Take a short half block stroll just to the south of the Alamo in San Antonio Texas and you'll come to the Menger Hotel, a hotel built by German immigrant William Menger who moved to Texas at the age of twenty in the 1840's. His first residence in Texas was a San Antonio boarding house operated by Mary Guenther. William Menger would go on to build a brewery with a man named Charles Degen in 1856 and a hotel which was essentially across the street from the Alamo. Menger by trade was a barrel maker and Degen a brewmaster.
|Menger Hotel, San Antonio, TX|
Interesting Facts About San Antonio's Menger Hotel
San Antonio's Menger Hotel had many notable guests in it's earlier years, such as Ulysses S. Grant and Robert E. Lee. The hotels guests over the years included presidents of which included Theodore Roosevelt who, prior to his presidential years, used the Menger Hotel facilities to recruit Rough Riders for his campaign in Cuba during the Spanish American War.The Menger Hotel was also where Richard King, founder of the massive King Ranch in southeast Texas died in 1885.
The invention of barbed wire also had a Menger Hotel connection. It's been said that the first public demonstration of barbed wire took place outside of the hotel. Impressed prospects then went inside the hotel to place their orders. As we know, barbed wire changed the ranching industry for ever.
|Menger Hotel lobby|
During the twentieth century a few of the hotel's notable guests included the baseball star Babe Ruth, the Hollywood celebrity Mae West and the famous businessman Cornelius Vanderbilt. Also visits from Dwight D. Eisenhower and Oscar Wilde.
Since it's beginning in 1859 the Menger Hotel has undergone restorations and enlargements. Today the historic Texas hotel is comprised of 316 rooms and suites and claims to have San Antonio's largest heated swimming pool.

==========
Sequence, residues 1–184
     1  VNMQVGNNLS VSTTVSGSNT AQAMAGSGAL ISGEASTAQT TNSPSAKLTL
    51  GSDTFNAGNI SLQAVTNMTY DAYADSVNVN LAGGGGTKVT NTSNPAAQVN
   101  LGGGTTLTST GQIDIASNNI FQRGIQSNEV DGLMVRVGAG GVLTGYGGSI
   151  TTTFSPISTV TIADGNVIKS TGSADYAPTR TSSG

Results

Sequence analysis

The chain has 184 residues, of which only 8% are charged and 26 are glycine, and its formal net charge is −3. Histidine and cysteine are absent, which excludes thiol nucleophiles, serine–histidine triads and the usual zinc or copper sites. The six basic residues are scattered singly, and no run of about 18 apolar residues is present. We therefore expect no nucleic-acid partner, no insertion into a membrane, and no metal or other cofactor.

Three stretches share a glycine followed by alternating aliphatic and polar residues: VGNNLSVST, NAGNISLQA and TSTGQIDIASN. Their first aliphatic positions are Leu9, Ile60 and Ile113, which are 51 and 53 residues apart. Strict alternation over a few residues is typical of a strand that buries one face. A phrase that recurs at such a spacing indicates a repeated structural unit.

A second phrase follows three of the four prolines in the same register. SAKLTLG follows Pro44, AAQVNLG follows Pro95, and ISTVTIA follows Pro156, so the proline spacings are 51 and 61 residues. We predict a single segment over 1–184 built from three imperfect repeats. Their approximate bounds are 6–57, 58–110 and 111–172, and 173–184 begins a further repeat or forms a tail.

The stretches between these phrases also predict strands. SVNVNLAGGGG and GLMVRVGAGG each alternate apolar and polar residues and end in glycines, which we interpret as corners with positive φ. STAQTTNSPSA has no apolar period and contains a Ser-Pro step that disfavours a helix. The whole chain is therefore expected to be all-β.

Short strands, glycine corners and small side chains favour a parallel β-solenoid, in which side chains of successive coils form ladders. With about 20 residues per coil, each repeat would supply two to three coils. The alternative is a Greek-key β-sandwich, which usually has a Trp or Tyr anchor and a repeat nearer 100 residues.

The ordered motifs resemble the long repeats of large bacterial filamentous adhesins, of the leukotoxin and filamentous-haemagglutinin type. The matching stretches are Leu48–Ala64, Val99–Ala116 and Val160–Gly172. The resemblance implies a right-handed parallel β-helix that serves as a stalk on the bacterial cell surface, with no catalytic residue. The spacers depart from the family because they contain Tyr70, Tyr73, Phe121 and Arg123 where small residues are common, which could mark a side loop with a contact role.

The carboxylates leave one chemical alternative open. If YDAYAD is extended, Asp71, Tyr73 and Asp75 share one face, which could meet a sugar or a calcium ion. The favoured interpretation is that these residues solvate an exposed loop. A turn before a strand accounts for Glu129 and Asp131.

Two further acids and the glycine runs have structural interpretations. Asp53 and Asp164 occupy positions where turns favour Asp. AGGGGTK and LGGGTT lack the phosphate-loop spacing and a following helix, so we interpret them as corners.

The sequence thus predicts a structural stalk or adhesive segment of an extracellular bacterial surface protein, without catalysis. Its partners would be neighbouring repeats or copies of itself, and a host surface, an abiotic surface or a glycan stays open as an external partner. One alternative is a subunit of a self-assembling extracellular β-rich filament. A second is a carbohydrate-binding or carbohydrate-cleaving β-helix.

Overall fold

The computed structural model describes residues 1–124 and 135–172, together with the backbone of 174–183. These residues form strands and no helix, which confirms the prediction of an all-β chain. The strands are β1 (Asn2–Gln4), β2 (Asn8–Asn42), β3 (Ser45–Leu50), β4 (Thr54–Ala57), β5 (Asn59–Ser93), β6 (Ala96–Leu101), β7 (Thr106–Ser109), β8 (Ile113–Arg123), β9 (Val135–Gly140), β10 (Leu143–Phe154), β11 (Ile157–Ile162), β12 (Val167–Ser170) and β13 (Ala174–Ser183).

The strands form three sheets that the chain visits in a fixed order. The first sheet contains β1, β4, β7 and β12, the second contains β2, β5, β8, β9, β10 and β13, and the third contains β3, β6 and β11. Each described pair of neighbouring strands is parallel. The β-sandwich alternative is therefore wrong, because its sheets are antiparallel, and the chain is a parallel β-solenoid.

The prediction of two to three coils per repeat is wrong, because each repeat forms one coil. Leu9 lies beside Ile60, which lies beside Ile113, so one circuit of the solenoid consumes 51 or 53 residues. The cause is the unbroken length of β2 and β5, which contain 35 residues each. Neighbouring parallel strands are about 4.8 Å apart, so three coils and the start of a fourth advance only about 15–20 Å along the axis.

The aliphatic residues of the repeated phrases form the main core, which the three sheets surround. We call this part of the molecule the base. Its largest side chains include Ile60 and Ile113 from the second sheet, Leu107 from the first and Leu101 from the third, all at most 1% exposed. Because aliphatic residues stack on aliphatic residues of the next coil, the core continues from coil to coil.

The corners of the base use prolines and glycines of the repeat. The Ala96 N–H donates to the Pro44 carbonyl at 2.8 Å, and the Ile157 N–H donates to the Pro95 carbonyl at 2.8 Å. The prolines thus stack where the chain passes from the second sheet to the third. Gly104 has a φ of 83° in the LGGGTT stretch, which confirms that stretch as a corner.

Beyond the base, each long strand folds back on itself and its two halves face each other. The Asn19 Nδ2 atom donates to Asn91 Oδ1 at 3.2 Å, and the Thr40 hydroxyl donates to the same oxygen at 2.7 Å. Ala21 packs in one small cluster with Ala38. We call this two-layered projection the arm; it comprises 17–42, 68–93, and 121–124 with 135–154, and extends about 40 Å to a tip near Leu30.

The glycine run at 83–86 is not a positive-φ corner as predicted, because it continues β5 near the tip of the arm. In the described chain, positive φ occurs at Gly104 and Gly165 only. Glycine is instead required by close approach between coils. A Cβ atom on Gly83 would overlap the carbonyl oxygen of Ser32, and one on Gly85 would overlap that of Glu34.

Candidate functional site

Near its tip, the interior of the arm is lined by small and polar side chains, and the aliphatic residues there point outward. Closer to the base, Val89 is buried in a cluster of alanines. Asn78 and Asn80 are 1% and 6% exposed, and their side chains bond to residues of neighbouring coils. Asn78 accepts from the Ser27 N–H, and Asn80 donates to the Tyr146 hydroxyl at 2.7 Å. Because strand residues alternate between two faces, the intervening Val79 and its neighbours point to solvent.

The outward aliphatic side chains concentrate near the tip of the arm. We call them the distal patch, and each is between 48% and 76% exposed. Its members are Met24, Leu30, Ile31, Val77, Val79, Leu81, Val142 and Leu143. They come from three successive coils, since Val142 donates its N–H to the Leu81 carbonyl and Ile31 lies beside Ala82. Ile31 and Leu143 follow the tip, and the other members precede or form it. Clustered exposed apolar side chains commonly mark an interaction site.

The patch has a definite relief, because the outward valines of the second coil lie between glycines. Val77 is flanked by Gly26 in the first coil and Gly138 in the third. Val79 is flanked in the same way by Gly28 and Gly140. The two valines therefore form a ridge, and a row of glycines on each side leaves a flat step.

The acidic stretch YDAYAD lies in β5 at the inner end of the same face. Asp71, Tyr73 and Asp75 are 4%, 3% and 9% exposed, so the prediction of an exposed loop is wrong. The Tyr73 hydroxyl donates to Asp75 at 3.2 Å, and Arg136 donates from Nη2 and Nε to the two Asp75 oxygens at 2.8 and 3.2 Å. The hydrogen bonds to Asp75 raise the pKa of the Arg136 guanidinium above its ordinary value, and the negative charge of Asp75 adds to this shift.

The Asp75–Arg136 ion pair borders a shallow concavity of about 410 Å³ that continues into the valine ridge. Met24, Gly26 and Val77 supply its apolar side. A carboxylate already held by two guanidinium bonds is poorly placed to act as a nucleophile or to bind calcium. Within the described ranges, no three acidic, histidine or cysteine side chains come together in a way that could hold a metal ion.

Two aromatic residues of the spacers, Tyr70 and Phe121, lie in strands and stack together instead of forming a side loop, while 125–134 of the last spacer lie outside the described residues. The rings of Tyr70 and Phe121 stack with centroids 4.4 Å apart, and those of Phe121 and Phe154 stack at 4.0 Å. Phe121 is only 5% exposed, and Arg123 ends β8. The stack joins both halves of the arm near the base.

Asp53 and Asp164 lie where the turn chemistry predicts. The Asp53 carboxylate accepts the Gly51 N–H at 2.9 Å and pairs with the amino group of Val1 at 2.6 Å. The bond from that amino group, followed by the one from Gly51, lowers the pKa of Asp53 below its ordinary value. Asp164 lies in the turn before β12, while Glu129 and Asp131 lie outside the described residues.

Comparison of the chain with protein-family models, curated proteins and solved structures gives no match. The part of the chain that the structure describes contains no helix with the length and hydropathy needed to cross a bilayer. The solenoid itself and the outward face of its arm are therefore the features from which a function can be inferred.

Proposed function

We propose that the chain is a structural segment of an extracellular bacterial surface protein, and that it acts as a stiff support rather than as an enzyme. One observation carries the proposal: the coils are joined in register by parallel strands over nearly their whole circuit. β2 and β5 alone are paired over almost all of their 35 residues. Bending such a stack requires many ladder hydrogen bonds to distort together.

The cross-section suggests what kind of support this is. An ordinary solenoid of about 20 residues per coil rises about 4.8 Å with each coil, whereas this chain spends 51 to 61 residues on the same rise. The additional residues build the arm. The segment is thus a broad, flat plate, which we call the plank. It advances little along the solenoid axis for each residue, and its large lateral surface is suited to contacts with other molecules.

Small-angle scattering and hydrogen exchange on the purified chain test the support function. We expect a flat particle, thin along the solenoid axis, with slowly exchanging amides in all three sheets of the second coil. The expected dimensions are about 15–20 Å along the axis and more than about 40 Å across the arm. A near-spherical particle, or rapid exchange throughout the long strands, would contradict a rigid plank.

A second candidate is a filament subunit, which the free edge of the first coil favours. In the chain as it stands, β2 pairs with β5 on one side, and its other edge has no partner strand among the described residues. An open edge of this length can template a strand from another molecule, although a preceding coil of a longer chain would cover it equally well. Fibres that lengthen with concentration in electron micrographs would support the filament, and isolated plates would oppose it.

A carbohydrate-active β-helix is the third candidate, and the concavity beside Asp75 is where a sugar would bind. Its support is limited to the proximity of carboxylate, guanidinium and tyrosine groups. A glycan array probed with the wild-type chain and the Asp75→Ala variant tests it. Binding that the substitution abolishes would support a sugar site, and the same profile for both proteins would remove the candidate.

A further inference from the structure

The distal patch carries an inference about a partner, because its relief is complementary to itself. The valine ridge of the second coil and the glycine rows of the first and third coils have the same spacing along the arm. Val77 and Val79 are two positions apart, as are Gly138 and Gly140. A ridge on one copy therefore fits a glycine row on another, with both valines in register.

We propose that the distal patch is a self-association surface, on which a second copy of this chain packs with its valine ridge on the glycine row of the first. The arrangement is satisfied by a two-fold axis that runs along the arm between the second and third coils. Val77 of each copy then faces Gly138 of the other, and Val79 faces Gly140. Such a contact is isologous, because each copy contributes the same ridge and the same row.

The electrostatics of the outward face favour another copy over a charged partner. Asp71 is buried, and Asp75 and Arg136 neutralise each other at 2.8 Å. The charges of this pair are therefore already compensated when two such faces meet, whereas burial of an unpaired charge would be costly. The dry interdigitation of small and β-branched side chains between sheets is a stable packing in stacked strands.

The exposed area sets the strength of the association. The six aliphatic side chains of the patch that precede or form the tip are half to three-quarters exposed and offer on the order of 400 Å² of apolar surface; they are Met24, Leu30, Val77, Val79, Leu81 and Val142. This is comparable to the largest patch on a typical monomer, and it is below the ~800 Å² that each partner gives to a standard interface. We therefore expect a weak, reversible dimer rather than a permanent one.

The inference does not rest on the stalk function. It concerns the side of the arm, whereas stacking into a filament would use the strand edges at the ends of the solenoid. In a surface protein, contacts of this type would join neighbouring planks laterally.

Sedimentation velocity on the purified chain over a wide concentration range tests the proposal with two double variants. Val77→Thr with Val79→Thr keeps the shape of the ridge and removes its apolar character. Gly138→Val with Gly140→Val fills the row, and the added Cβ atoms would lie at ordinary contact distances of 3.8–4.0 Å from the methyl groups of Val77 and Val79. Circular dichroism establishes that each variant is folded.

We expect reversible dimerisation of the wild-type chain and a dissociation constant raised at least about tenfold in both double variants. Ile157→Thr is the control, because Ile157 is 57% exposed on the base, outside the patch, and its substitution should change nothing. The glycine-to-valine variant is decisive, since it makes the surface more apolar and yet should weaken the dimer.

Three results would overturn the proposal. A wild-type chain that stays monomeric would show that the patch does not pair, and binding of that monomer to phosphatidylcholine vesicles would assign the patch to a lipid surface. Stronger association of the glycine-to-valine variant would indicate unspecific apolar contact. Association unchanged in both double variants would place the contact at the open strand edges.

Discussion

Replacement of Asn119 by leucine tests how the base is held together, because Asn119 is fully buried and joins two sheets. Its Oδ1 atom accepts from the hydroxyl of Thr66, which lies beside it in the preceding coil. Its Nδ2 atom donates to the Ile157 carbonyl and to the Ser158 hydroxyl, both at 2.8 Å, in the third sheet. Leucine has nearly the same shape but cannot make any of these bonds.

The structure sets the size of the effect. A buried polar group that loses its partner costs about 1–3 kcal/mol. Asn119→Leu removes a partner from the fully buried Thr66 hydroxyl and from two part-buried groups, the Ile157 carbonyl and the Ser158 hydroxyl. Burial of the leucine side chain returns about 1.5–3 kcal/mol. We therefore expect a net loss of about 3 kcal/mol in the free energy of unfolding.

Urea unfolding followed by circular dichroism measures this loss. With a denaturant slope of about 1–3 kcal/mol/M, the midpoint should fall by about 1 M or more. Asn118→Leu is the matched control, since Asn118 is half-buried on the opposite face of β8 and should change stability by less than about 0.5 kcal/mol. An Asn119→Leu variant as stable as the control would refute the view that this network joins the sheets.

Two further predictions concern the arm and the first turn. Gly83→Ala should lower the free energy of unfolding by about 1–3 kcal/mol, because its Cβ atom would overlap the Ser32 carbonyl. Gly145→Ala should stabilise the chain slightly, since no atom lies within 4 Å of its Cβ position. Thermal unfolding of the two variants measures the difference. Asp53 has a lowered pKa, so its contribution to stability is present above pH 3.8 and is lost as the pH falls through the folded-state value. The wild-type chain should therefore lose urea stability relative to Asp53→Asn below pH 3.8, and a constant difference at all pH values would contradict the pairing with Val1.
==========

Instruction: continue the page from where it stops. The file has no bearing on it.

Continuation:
The Menger Hotel was sold to Texas businessman William Lewis Moody Jr. in 1920. At the time of the acquisition Moody owned other hotels operating under the National Hotel Company name. This hotel company also operated two hotels in Galveston Texas. During Moody's father's lifetime he had entered the banking business and the cotton business. Both were successful endeavors.
|Central garden area|
When Moody Jr. purchased the Menger Hotel in 1920 he had quite a lot of commercial interests throughout the state of Texas. William Lewis Moody Jr. was a Democrat and for years supported and had close ties with William Jennings Bryan.
Additional Western Trips photo articles of San Antonio Texas sites to see areon the links below...
The San Antonio Spanish Missions
The Guenther House and Pioneer Flour Mill
A World Class Austin Texas Museum
Visit the Menger Hotel
The Menger Hotel today is one of the finest hotels in San Antonio Texas. Located adjacent to the Alamo historical site, if you're not staying at the Menger you should at least try make a short stop at the hotel and see how beautifully restored it is.
I'm sure you've heard about some of the old historic hotels that have reputations as being haunted. Add the Menger Hotel to this list. Some say that the Menger is the most haunted hotel in Texas. Included in the hauntings are reportedly Texas rancher Richard King who passed away at the Menger and a maid at the hotel who was murdered by her husband. King's funeral was held in the parlor of the Menger Hotel.
|Menger Hotel front entrance|
The maid who was murdered at the hotel, Sallie White, is said to have been seen in the hallways of the hotel's Victorian wing. People have reported seeing her in a long grey skirt carrying towels which are never delivered. The uniform the maid has been seeing wearing is of the style used during the late 1800's.
The Menger Hotel is located in downtown San Antonio Texas at 204 Alamo Plaza. The Menger Hotel is also just one block from San Antonio's popular River Walk which is a great place for a stroll and a ride on the picturesque river.
A good book on the subject of San Antonio's Menger Hotel is The History and Mystery of the Menger Hotel by author Docia Schultz Williams.
(Article and photos copyright 2013 Western Trips)